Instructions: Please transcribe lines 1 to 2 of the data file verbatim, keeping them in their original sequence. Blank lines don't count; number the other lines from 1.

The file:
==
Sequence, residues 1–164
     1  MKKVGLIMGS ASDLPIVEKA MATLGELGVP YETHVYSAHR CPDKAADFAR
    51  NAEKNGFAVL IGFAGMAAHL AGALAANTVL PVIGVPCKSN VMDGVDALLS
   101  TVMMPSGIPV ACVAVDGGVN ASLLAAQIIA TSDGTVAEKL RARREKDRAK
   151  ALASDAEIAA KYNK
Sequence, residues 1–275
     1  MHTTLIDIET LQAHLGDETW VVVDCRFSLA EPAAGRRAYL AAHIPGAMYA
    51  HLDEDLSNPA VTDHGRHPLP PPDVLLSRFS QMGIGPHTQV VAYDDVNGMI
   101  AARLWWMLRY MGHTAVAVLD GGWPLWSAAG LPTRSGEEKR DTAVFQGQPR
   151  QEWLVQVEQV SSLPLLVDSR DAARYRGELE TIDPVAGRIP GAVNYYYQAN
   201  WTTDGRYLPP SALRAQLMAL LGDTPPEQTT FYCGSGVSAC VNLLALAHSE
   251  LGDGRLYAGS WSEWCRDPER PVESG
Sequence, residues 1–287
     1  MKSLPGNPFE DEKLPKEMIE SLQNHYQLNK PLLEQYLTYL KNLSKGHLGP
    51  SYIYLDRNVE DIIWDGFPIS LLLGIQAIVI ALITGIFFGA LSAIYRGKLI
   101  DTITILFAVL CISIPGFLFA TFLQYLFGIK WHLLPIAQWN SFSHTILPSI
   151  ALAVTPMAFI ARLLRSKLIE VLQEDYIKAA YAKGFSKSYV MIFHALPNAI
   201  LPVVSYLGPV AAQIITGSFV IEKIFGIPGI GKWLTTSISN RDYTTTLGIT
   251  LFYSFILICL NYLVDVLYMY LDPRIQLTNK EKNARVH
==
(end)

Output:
Sequence, residues 1–164
     1  MKKVGLIMGS ASDLPIVEKA MATLGELGVP YETHVYSAHR CPDKAADFAR